The passion of the poor

On Feb. 24, the day Gloria Macapagal Arroyo declared a state of national emergency, I experienced something that completely illumined my outlook of our country’s political crisis.  I refer not to my arrest under Proclamation 1017, but to what I saw at Camp Karingal, where I was briefly detained. There I witnessed first-hand the hidden injuries of the Filipino poor.

That same morning, the police intercepted a jeepload of residents from a nearby slum community, and brought them to the police camp. They were on their way to the Edsa Shrine to participate in the rally marking the 20th anniversary of the People Power revolution.  The group numbered about 30, and half were children.  At Karingal, they greeted me warmly, thinking that I had come to free them.  They laughed when I told them I had also been arrested.  The youngest of the group was a boy of about seven; I noticed him eating from a can of biscuits.

I learned that they expected to get a free lunch and earn about fifty pesos at the end of the demonstration.  It was customary for them, they said, to take some of the children along so they did not have to worry about their meal for the day.  One of the women acted as their leader.  She asked me if the lawyers who had come to assist me could also plead for their immediate release.  I assured her that my lawyers would help her group, and told her that the police, in any event, had absolutely no right to detain the children.

Soon after I was picked up by the police on Edsa, more than a dozen lawyers arrived at the camp to look after my rights.  Various media organizations sent their reporters to interview me.  Relatives and friends, including some heavyweights from Congress, brought some food, and cheered and kept me company throughout my brief detention. But no one came for the demonstrators from the slums. They remained invisible.  The police detained them the whole day at a nearby building, which served as the police firing range.  They were released only after my lawyers and a couple of senators interceded on their behalf.

This little parable has lit my way wherever I speak on the issues confronting our society.  It has taught me one important lesson:  No matter how often I get arrested for the things that I say, write, or do, I still belong to the privileged class.  I will always be able to call upon my community’s spirit of solidarity. The police or the military may trample on my rights, but chances are the media will be there to bear witness. I may be jailed but I will never starve.  I can talk about the primacy of political freedoms and civil rights because I have never known what it is to be hungry or poor.

The poor have nothing but their needs and their laughter, and, perhaps their faith.    From where they stand, all politics in our country today only signifies continuing betrayal of their fundamental interests. Charter change and snap election seem trivial in relation to their urgent problems.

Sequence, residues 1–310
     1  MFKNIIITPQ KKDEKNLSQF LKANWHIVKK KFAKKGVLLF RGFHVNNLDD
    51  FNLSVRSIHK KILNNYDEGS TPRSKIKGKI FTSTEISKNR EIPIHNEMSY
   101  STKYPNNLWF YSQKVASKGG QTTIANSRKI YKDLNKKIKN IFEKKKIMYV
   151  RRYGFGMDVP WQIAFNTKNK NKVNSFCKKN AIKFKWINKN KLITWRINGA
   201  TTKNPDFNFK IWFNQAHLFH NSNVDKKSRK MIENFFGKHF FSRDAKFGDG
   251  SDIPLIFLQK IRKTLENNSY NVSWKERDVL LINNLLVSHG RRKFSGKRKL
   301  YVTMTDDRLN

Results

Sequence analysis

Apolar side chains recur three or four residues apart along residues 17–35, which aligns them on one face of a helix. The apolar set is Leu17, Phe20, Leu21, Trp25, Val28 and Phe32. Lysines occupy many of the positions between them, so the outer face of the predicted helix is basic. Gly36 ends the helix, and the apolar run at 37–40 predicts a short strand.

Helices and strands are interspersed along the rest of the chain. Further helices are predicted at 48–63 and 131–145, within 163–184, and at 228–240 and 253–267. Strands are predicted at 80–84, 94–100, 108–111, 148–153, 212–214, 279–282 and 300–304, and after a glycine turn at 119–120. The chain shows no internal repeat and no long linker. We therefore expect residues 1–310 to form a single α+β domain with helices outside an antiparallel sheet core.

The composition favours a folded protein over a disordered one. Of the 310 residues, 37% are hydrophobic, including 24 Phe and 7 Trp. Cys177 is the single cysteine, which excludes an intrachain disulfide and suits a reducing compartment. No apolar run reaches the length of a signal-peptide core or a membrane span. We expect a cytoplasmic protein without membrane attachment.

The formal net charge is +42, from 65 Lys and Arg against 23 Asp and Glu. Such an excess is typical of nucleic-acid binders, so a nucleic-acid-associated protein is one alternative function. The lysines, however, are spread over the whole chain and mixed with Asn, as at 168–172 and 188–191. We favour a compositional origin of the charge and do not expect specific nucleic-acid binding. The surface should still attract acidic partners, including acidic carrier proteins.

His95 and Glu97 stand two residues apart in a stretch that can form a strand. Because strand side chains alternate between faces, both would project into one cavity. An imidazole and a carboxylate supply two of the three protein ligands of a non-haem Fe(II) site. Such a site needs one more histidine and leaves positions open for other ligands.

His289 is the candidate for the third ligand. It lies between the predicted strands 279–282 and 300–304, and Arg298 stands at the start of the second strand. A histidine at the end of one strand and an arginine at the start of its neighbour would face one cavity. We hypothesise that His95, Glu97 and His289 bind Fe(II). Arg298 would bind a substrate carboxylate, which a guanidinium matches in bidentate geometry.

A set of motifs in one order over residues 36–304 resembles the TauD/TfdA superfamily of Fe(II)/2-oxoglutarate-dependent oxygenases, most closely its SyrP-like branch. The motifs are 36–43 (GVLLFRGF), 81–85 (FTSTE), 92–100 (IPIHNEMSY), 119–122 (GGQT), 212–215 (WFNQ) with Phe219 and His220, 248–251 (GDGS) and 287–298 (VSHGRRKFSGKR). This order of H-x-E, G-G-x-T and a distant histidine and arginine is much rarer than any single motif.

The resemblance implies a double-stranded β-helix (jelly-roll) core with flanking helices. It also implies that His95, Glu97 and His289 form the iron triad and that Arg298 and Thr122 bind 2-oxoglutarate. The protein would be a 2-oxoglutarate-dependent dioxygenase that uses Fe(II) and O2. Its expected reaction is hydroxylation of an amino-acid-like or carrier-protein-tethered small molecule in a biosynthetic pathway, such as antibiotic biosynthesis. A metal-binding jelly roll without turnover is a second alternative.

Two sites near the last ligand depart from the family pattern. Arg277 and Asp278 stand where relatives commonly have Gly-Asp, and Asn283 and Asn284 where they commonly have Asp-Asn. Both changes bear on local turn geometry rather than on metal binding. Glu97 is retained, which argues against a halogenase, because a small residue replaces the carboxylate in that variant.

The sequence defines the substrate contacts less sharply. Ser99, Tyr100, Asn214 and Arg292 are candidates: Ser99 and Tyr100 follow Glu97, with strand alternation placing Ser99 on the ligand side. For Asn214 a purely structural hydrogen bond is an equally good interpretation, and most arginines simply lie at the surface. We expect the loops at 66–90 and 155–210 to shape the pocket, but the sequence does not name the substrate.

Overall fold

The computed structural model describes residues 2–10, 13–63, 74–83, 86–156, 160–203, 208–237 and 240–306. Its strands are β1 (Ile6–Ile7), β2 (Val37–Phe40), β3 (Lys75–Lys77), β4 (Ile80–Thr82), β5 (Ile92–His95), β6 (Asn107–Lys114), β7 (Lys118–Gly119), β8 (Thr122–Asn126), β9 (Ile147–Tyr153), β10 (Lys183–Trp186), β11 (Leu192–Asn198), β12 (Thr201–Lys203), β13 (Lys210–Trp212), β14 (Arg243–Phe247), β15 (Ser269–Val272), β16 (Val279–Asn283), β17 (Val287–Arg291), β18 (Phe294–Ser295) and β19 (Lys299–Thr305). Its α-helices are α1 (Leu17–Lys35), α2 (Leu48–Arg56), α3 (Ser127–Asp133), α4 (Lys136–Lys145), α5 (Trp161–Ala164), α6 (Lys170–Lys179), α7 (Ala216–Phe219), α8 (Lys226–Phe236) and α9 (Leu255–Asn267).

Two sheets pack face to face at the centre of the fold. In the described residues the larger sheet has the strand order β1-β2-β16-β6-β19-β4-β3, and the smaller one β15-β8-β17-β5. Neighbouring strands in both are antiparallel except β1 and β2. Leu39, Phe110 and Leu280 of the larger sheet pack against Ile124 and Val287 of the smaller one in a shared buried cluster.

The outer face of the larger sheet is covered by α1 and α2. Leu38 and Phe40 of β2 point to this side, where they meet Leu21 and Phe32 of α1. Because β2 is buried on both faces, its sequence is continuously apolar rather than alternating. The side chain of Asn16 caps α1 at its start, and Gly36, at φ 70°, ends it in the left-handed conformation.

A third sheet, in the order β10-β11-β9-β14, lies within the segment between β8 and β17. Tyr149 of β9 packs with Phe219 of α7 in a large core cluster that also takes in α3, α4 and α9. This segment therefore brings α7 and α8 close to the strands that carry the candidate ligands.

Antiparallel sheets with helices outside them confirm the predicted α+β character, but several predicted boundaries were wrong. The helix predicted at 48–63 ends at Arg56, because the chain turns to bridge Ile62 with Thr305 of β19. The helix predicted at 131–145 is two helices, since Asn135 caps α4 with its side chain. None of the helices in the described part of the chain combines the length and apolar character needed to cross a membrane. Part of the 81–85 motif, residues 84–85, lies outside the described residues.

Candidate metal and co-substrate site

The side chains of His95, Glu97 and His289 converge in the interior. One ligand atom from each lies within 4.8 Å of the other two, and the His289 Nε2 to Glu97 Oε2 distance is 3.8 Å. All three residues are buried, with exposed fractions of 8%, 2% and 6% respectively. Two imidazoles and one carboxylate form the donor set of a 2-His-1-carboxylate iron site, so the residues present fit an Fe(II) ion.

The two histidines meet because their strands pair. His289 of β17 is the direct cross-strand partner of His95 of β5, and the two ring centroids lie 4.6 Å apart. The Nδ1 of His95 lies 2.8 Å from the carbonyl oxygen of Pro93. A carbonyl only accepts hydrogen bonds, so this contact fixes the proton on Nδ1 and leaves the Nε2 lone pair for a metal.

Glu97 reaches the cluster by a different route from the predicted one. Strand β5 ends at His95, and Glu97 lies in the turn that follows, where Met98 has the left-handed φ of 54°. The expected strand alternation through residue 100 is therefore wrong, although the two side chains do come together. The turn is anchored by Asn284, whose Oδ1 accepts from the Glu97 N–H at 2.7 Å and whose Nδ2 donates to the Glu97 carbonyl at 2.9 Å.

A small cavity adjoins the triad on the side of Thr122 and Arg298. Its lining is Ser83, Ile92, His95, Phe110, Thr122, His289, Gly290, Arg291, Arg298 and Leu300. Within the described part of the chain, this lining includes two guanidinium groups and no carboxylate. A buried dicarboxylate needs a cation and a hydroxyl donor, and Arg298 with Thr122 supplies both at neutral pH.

This is not a new story.  It is as old as Christ’s passion.  When Jesus entered Jerusalem on Palm Sunday, he came upon a people desperately in search of a leader.  The Jewish nation could not dislodge the Roman yoke, mainly because the various opposition groups could not get their act together.  Jesus — the teacher, the story-teller, the healer – had so impressed the people in the course of his ministry that various anti-Roman groups maneuvered to enlist him as their symbol.  They viewed his martyrdom as the political spark that could galvanize Jewish unity and ultimately free Israel.

Jesus himself, however, had not spoken against Rome.  He spoke rather of a larger vision — the vision of God’s kingdom, where justice and peace reigned.  His preferred language was that of compassion with the poor, the oppressed, and the excluded. Here was a man who “did not come to be served, but to serve, and to give his life as a ransom for many.”  (Mark 10:45)  It was from this standpoint that he censured the hypocrisy of the different groups that jostled against one another to represent the future of Israel.

Upon entering Jerusalem, Jesus headed straight for the temple where he saw the dishonest money-changers and merchants of sacrifices plying their trade.  They were enjoying the brisk business brought by the feast of the Passover.  He became angry.  He overturned their tables and told them: “Is it not written? My house will be called a house of prayer for all nations.  But you have made it a den of robbers.” (Mark 11:17) He detested the empty piety of people who claim to have faith but do not practice it in their lives.

Here was a true subversive.  His framework was not the political framework of the day. His vision went beyond the political ambitions of those who claimed to speak for Israel. His method was different; he was unarmed. He made himself available to all kinds of people.  To those who despaired he offered a message: “Have salt in yourselves, and be at peace with each other.” (Mark 9:50)  Salt, the antidote to decay, is a timely metaphor for cultures that have lost their ethical saltiness.

There is no way we can solve the recurrent crisis of our political life unless we start to correct the criminal disparities in wealth and power that exist in our society.  What this requires is more than just a change of our leaders or of our form of government. We need to review our basic values, and ultimately rebuild our whole social order on a new ethical foundation. Until then, the passion of the poor will continue to haunt us.


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